My project focuses on the works of Lothar Quinte, a German painter. One of his well known pieces is found on an album (First Impressions of Earth) by The Strokes, which is also one of my favorite albums. First Impressions is the third album of The Strokes – it’s much angrier and angstier that their other albums. The album serves as a stepping stone from their post punk sound to synthier rhythms. When I was younger the album art reminded me of guitar strings. I chose Quinte’s artwork (and First Impressions of Earth) because of his different variations of the same paintings. Most of Quinte’s paintings are also untitled. Despite this, they all feature bright yellows, reds, blues, and black in one variation or another. I was also inspired to choose art inspired by lines and geometric shapes due to our artist presentations on Vera Molnar and Bridget Riley. Even though their pieces seem simple, their use of lines and shapes is captivating and complex.
I selected five of Quinte’s paintings: Blue Fields, III (1963), Ohne Titel (1965), Untitled (1965), Ohne Titel (1969), and Ohne Titel (1973). Each of them are, in one way or another, variations of each other. When I first perused Quinte’s work I noticed the simplicity of vibrant colors. The pieces did not seem incredibly complex. However, if I looked closely there is more going on in the background – especially in Ohne Titel (1965). On the foreground it is seemingly just a red canvas with two diagonal white and black lines. If you look through the red canvas you can see different lines and circles. When I recreated this work I used alpha to make sure that these lines and circles in the background were still included yet hidden. Even in Blue Fields, III it seems like there are only three blue rectangles – if you look closely there are almost 24 rectangles. At first I thought that I should apply a gradient to adaptation because of the fading color. Again, when I looked closely Quinte is careful in making sure the lighter blue stays in one rectangle and the darker blue stays in another rectangle. Even though most of his work seems simple there is a lot going on in Quinte’s pieces. To quote Philip Galanter’s classroom definition of generative art, Quinte’s work “uses a system…which is set to some degree of autonomy contributing to or resulting in a completed work of art”. Despite not programming his artwork, Quinte uses a system of preciseness so that if the viewer looks closely they will see how carefully planned each shape is.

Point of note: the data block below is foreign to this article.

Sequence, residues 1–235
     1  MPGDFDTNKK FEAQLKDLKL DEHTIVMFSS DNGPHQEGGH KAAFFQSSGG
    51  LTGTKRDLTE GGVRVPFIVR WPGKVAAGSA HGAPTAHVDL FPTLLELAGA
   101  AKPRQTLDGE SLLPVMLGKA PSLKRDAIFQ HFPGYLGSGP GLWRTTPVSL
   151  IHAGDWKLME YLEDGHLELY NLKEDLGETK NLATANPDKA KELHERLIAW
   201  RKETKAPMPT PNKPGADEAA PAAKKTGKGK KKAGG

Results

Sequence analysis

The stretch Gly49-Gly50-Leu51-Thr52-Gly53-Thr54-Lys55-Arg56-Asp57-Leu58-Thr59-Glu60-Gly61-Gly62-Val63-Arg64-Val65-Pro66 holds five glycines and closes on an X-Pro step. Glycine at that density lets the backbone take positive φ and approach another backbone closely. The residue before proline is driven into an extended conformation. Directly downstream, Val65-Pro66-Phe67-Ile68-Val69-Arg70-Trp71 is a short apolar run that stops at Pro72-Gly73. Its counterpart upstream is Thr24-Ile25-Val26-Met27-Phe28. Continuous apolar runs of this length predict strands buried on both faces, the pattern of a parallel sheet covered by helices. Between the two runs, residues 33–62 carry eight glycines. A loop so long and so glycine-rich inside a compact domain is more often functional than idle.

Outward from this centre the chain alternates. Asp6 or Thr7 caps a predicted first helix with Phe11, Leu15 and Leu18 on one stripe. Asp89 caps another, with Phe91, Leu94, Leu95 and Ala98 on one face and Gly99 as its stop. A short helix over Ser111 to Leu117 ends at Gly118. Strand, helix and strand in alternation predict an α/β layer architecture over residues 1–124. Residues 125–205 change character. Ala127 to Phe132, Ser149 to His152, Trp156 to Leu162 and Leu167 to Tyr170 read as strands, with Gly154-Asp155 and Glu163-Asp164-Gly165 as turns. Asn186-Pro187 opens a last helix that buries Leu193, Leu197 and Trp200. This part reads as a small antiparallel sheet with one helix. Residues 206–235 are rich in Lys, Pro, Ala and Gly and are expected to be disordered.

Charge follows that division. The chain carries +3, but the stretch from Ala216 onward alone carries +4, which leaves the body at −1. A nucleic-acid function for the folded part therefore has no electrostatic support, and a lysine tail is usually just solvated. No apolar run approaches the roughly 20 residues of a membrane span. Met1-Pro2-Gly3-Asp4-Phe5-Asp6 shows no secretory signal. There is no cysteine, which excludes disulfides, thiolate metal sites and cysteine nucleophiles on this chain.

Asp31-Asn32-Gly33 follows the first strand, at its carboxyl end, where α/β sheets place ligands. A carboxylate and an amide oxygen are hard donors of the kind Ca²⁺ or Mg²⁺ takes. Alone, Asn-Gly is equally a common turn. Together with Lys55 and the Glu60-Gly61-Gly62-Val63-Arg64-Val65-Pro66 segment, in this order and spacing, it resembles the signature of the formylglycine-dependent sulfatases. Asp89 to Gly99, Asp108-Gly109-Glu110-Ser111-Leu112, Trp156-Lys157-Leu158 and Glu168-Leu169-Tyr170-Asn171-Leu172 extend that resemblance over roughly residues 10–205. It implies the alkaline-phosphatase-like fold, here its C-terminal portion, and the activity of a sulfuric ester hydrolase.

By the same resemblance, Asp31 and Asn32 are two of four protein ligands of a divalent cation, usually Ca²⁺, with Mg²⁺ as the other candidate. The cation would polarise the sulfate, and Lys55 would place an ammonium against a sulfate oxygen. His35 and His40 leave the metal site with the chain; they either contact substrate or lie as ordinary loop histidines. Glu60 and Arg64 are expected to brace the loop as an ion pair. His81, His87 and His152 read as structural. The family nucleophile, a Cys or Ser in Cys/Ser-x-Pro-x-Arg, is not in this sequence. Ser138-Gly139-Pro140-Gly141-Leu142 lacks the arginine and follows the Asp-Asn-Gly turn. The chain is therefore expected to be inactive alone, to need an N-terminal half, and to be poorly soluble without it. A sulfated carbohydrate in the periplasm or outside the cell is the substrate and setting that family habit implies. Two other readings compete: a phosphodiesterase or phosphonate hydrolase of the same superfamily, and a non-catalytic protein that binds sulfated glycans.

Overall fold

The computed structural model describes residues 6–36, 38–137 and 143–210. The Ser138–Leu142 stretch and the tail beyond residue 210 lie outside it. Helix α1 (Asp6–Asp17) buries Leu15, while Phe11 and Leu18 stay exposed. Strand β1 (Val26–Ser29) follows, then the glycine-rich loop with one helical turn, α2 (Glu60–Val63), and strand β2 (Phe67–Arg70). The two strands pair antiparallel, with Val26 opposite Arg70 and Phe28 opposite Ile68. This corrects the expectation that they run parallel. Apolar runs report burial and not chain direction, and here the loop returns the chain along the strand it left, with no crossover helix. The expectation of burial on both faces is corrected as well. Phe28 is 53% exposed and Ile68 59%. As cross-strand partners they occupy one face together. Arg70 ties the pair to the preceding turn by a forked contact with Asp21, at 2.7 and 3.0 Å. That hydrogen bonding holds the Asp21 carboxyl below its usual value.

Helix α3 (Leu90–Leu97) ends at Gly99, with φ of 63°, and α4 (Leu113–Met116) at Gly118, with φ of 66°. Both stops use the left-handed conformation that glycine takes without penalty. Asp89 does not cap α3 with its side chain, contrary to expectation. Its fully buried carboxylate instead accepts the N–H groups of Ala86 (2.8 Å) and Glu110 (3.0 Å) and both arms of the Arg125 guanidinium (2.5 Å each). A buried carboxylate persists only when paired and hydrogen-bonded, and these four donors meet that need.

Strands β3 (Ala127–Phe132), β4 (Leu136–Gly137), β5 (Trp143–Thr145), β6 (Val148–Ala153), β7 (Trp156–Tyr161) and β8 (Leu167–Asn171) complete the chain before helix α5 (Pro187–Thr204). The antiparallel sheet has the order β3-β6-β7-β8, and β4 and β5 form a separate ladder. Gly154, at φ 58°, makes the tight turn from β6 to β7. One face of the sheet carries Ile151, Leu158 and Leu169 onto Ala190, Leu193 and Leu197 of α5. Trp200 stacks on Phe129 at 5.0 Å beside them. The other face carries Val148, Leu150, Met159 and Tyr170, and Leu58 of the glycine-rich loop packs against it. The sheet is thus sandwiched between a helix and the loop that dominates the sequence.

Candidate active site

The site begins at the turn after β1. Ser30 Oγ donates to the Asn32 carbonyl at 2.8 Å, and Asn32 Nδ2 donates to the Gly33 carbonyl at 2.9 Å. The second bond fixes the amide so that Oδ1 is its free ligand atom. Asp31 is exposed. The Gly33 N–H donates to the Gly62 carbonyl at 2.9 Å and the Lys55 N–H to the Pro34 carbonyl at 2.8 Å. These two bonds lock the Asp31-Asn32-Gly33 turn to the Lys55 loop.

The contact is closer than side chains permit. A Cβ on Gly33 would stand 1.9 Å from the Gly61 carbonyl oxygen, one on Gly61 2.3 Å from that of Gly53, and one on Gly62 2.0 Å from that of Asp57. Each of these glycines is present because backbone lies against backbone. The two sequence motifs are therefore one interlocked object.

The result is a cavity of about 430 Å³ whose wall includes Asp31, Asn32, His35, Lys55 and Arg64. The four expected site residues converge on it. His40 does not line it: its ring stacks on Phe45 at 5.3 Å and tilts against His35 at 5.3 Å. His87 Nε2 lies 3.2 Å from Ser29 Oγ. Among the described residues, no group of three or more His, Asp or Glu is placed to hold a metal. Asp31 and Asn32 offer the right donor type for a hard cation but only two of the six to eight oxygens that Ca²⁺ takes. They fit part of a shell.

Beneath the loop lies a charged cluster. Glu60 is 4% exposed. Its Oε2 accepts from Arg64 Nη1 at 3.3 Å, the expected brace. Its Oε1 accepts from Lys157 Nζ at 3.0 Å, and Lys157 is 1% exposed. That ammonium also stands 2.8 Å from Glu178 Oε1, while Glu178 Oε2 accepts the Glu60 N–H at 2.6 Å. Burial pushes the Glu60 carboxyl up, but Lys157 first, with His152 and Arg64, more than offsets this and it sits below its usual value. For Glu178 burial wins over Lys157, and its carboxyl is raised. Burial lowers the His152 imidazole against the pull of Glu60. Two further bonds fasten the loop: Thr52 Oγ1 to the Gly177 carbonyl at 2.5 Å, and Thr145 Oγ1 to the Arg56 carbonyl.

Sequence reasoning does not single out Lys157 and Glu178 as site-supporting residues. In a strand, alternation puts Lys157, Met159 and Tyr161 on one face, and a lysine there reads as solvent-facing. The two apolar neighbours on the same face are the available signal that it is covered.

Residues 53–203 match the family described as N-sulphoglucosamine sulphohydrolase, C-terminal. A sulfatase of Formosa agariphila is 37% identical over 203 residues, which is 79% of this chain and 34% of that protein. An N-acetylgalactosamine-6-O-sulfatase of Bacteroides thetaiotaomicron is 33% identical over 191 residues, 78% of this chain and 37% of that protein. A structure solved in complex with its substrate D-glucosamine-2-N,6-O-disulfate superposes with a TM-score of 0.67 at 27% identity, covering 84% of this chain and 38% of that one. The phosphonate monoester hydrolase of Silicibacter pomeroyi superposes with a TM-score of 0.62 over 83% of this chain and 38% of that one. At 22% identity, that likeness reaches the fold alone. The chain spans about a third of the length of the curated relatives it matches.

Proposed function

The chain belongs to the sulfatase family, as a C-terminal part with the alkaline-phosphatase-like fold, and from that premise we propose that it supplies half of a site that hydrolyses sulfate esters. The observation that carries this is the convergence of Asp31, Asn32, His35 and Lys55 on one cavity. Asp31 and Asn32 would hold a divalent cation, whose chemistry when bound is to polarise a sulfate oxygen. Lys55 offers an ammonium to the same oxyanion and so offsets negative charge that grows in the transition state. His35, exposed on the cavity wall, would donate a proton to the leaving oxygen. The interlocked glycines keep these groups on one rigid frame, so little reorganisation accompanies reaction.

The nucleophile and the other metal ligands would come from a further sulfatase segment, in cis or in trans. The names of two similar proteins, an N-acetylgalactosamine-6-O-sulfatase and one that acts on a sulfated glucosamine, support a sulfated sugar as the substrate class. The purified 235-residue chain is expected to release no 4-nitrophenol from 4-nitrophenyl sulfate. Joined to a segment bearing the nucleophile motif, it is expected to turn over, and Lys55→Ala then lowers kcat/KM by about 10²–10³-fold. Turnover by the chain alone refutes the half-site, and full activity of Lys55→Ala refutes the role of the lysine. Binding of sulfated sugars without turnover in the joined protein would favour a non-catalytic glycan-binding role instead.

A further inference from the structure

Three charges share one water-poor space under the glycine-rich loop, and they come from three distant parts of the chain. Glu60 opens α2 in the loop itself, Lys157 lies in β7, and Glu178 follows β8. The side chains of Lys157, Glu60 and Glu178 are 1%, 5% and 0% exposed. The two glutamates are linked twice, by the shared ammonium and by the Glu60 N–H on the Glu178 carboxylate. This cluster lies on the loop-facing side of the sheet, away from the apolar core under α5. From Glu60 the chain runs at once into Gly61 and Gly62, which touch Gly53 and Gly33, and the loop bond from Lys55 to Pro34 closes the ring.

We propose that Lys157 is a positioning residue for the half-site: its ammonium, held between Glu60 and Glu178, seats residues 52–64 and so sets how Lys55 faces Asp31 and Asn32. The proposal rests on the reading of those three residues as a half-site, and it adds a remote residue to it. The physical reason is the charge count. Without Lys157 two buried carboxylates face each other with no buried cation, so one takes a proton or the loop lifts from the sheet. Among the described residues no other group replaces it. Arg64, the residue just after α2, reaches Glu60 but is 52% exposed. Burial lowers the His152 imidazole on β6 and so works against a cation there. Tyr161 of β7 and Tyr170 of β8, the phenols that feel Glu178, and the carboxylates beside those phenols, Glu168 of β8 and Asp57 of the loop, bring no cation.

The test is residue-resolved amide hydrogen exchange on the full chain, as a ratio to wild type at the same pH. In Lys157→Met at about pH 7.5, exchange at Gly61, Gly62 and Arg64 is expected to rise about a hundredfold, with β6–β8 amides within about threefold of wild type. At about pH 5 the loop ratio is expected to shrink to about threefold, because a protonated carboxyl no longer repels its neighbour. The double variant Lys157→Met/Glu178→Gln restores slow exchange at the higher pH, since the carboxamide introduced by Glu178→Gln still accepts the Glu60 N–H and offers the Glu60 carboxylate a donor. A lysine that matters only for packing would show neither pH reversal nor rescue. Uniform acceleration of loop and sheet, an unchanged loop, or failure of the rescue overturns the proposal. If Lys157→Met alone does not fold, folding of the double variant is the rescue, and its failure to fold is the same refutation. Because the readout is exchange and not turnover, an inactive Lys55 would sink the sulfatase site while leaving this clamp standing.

The goal of my project is to re-create and animate Quinte’s paintings using what we’ve learned in class. I used variables, loops, noise, and colors. My final project will have five 3 minute films based on Quinte’s artworks. I intend to uphold Quinte’s vibrancy but want to complicate his artwork more. I chose his work not only because of his use of lines and geometric shapes but because his artwork was featured on one of my favorite albums. I feel the same connection that I felt with First Impressions that I do with his work. I am reminded of listening to Julian Casablancas’s disconnected lyrics while waiting for the school bus to take me to a dreary, suburban middle school. This project was somewhat nostalgic and I am excited for the end result.